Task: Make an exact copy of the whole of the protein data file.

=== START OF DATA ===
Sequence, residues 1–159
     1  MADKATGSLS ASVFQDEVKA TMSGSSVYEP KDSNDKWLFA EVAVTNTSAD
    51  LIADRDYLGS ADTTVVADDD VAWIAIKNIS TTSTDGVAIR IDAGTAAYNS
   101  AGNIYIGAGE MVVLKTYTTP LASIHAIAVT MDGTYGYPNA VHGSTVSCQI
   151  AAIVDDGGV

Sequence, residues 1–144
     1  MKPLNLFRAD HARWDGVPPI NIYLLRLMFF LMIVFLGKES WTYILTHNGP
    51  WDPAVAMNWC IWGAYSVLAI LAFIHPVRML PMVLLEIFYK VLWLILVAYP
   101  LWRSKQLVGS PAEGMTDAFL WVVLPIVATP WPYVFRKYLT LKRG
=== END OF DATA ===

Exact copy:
Sequence, residues 1–159
     1  MADKATGSLS ASVFQDEVKA TMSGSSVYEP KDSNDKWLFA EVAVTNTSAD
    51  LIADRDYLGS ADTTVVADDD VAWIAIKNIS TTSTDGVAIR IDAGTAAYNS
   101  AGNIYIGAGE MVVLKTYTTP LASIHAIAVT MDGTYGYPNA VHGSTVSCQI
   151  AAIVDDGGV

Sequence, residues 1–144
     1  MKPLNLFRAD HARWDGVPPI NIYLLRLMFF LMIVFLGKES WTYILTHNGP
    51  WDPAVAMNWC IWGAYSVLAI LAFIHPVRML PMVLLEIFYK VLWLILVAYP
   101  LWRSKQLVGS PAEGMTDAFL WVVLPIVATP WPYVFRKYLT LKRG